York, like all big meetings was tough.
It’s never easy to find value at events which command great scrutiny, the angles regarding ground and pace generally discussed ad nauseum when such niceties can be ignored or misinterpreted at smaller meetings or more mundane racedays.
The ante-post markets give some hope of finding an edge, but getting involved before knowing the prevailing going or the final runners means that certain things are taken on trust.
So it was with my International fancy Barney Roy, who blatantly needed a pacemaker and was forced to make much of the running when connections dismissed that idea – a disastrous turn of events as it transpired, but easy enough to predict what would happen prior to the event, and while York has gained a reputation for being a front-runners’ track, but while speed is often rewarded in sprints, there is no hiding place for the pacesetters in races round a bend or two at the Knavesmire, and that is doubly true with horses which tend to race freely.
My other ante-post fancy early in the week was Kevin Ryan’s Hey Jonesy in the Goffs Sales race, and his defeat was much more painful, both financially and in the sense of one getting away. In a race dominated by those drawn low, Hey Jonesy led the near side group throughout, and pulled 4½ lengths clear of useful filly Darkanna, herself at least that far clear of the third of those in that group, only to find a couple drawn on the opposite wing too strong in the dying strides.
There is little doubt that he would have won with a fair draw, but that is no comfort for win-only punters, and that performance will be factored into his price when he next runs. There are no complaints though – I got better than twice SP about my selection knowing that the draw and ground would be complicating factors, and I would do the same tomorrow.
If I had no luck on the opening two days of the meeting, then that was evened up on Friday to some degree – Marsha was a longstanding each-way bet for the Nunthorpe in the belief that she was head and shoulders above most of her rivals at the weights, even if there were two who looked to have her measure. I believed that she could get close to Lady Aurelia and Battaash, and reasoned in an earlier print article that there were reasons to believe that one or both of those rivals could run below form, but I was counting on the place money rather than expecting the win in truth.
To be fair to Sir Mark Prescott’s filly, she did well to recover from quite a bad bump leaving the stalls, but even without that incident, she was always likely to be playing catch up with an on-song Lady Aurelia, and Frankie Dettori’s response on crossing the line shows how unfortunate his mount was, with Wesley Ward’s speedball ahead everywhere, including a stride beyond the post, but beaten in a genuine head-bobbing finish by a rival who dipped at exactly the right time.
The Nunthorpe wasn’t the only case of “heads up, heads down” on Friday, however, and the Lonsdale Cup looked destined to go to Dartmouth for much of the straight only for Montaly to nut the Queen’s horse right on the line. I had no opinion on the contest but my Final Furlong colleague Tony Keenan put up a good argument for Andrew Balding’s stayer and I had a small bet as a result. Doubly lucky.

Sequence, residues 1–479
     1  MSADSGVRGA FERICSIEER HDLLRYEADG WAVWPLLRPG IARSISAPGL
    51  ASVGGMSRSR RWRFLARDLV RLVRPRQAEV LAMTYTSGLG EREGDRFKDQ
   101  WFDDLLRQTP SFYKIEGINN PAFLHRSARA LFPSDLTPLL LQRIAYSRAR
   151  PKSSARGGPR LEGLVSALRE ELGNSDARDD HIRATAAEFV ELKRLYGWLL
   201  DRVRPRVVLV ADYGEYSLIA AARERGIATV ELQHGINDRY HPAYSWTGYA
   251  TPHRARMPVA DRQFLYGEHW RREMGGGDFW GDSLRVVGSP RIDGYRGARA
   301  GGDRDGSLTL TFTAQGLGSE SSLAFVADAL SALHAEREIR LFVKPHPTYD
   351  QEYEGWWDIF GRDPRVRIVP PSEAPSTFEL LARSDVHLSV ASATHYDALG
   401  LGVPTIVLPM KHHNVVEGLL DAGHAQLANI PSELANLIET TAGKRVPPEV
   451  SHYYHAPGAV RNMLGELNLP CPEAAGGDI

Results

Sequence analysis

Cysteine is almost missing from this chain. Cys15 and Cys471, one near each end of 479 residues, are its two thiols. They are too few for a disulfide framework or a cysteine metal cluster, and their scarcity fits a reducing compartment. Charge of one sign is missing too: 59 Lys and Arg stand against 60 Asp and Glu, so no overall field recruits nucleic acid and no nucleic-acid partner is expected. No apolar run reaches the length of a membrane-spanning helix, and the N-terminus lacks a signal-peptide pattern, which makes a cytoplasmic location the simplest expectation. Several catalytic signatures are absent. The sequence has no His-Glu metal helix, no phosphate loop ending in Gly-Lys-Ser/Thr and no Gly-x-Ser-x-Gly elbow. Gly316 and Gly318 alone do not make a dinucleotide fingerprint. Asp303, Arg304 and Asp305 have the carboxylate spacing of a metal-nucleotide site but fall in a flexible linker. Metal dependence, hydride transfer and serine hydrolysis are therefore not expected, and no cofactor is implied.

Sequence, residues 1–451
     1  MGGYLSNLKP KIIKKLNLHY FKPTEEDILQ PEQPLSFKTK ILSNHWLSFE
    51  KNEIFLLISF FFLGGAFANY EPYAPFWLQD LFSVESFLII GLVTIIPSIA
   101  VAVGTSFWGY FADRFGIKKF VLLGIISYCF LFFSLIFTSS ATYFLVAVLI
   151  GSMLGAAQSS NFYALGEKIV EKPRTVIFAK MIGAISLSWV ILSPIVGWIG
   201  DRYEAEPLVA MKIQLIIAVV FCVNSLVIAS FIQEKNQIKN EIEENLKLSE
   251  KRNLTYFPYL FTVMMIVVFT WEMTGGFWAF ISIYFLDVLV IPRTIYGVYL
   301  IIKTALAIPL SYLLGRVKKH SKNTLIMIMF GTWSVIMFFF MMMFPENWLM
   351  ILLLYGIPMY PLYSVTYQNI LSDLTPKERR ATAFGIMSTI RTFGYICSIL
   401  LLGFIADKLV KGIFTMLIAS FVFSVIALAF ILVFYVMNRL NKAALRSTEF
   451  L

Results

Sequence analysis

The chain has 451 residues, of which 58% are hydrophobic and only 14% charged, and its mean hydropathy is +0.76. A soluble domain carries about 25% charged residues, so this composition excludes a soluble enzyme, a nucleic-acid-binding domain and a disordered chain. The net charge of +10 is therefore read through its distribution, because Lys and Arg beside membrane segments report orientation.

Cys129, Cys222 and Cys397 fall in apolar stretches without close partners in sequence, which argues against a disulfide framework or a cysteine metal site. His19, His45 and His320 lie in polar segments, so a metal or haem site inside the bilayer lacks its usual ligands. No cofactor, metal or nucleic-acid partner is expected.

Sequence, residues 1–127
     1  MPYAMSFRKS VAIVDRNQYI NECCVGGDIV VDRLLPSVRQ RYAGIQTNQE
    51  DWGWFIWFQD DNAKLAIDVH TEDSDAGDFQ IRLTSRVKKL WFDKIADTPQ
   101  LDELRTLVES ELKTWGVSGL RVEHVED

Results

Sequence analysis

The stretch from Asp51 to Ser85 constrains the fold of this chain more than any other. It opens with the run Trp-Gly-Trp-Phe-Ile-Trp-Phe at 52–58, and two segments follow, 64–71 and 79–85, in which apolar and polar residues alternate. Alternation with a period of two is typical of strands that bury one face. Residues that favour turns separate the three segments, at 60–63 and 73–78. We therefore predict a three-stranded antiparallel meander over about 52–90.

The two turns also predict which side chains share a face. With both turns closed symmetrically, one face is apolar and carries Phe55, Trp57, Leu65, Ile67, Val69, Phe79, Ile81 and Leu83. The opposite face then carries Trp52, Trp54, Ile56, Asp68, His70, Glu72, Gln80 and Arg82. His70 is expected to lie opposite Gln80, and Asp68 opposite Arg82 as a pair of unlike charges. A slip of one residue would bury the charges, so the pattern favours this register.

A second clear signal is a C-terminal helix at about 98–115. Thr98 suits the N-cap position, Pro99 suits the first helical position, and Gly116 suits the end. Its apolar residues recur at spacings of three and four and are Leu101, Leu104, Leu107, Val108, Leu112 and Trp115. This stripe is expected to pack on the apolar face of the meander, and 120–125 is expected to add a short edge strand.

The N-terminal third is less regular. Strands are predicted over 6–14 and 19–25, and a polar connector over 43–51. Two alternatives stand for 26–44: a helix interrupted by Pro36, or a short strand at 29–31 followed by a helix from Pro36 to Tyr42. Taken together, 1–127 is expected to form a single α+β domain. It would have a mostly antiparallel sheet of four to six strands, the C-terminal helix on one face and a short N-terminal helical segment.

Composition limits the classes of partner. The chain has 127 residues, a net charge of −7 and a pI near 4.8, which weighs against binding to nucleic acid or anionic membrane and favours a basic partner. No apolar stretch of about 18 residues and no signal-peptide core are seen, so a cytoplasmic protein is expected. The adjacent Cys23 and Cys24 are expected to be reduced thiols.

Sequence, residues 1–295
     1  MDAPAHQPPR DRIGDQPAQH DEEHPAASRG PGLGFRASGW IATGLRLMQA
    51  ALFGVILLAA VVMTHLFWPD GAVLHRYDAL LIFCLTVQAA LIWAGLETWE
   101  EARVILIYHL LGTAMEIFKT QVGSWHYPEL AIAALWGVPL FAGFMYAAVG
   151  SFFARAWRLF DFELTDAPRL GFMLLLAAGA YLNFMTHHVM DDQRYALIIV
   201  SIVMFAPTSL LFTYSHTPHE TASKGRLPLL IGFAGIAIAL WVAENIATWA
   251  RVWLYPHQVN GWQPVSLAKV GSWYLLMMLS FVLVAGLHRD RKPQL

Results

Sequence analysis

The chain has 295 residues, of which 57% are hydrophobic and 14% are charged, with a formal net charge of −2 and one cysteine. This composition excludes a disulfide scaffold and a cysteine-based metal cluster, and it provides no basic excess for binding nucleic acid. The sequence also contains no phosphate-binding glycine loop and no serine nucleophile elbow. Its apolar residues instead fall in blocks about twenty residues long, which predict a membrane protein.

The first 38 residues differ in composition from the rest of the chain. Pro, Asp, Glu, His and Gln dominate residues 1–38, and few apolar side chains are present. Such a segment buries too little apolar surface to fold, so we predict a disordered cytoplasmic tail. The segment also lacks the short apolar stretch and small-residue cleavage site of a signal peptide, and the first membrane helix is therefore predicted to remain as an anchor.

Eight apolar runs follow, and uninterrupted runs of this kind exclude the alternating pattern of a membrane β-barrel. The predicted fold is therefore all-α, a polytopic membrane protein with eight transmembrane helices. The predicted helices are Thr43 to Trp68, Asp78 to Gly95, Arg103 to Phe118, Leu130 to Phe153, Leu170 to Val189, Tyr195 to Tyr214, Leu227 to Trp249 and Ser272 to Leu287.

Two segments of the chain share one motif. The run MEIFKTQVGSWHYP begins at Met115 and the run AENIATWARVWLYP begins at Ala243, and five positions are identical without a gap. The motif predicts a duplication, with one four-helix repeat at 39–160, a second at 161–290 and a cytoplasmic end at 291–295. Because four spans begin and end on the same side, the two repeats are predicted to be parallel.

Sadly, Seamour couldn’t carry the burden of my cash but wasn’t disgraced having raced too close to the pace and then been badly hampered when still holding a chance of delivering place money. The win of Nakeeta, also an exposed stayer ridden by a promising claimer, served to mock my approach to the race, but I was pleased to see the race go to such a genuine performer, and one who would have won more than one big pot had the draw been kinder at times. It was also pleasing to see the excellent Callum Rodriguez get the big winner every apprentice craves, and he has not only the talent, but seemingly the temperament to go a long way in the saddle. Here’s wishing him all the right breaks in the next crucial year.
I had a few each-way bets on Saturday where the race shape offered value, but they all came to naught – I’d not necessarily step in to back the same horses again, but I will definitely keep faith with Look My Way, who travelled well in the Melrose before being done for tactical speed.
I liked the way he kept on again without being at all knocked about by Jimmy Quinn, and that kindness will be repaid – possibly in the Cesarewitch Trial at Newmarket.
I’d love to see him in the Cesarewitch, but he looks too low in the ratings to make the cut for that event, at least this year.
The suggested lays mentioned here last week were successful, with Mondialiste seemingly flattered by his effort in a tactical race two starts back, but I’ll admit that getting Bengali Boys out of the money in the Roses Stakes looked an impossible task with a furlong to run, and I’ll consider his late capitulation into fourth as more of a bullet dodged than great call on my part. He didn’t look in love with the quicker ground at York, but proved that there was no fluke about his Super Sprint win, and will surely pick up some black type when the going eases again in the autumn.
This week sees me packing suits and books as Elinor the boys and I are saying goodbye to Cheltenham to make a move to the Surrey Hills.
They say that moving house is the most stressful thing you can do next to divorce, and it’s easy to see how one can precipitate the other.
Elinor is taking the prospect of a new job very seriously, and started packing stuff about six months ago, it seems. Just watching her being organised is stressful enough for me, and I’m struggling to muster the concentration needed to deal with the weekend’s racing, which is pretty uninspiring to be honest. On the other hand, the move offers the chance of a fresh start in terms of daily routine, and I look forward to experiencing the change-of-stable rejuvenation which I hear so much about.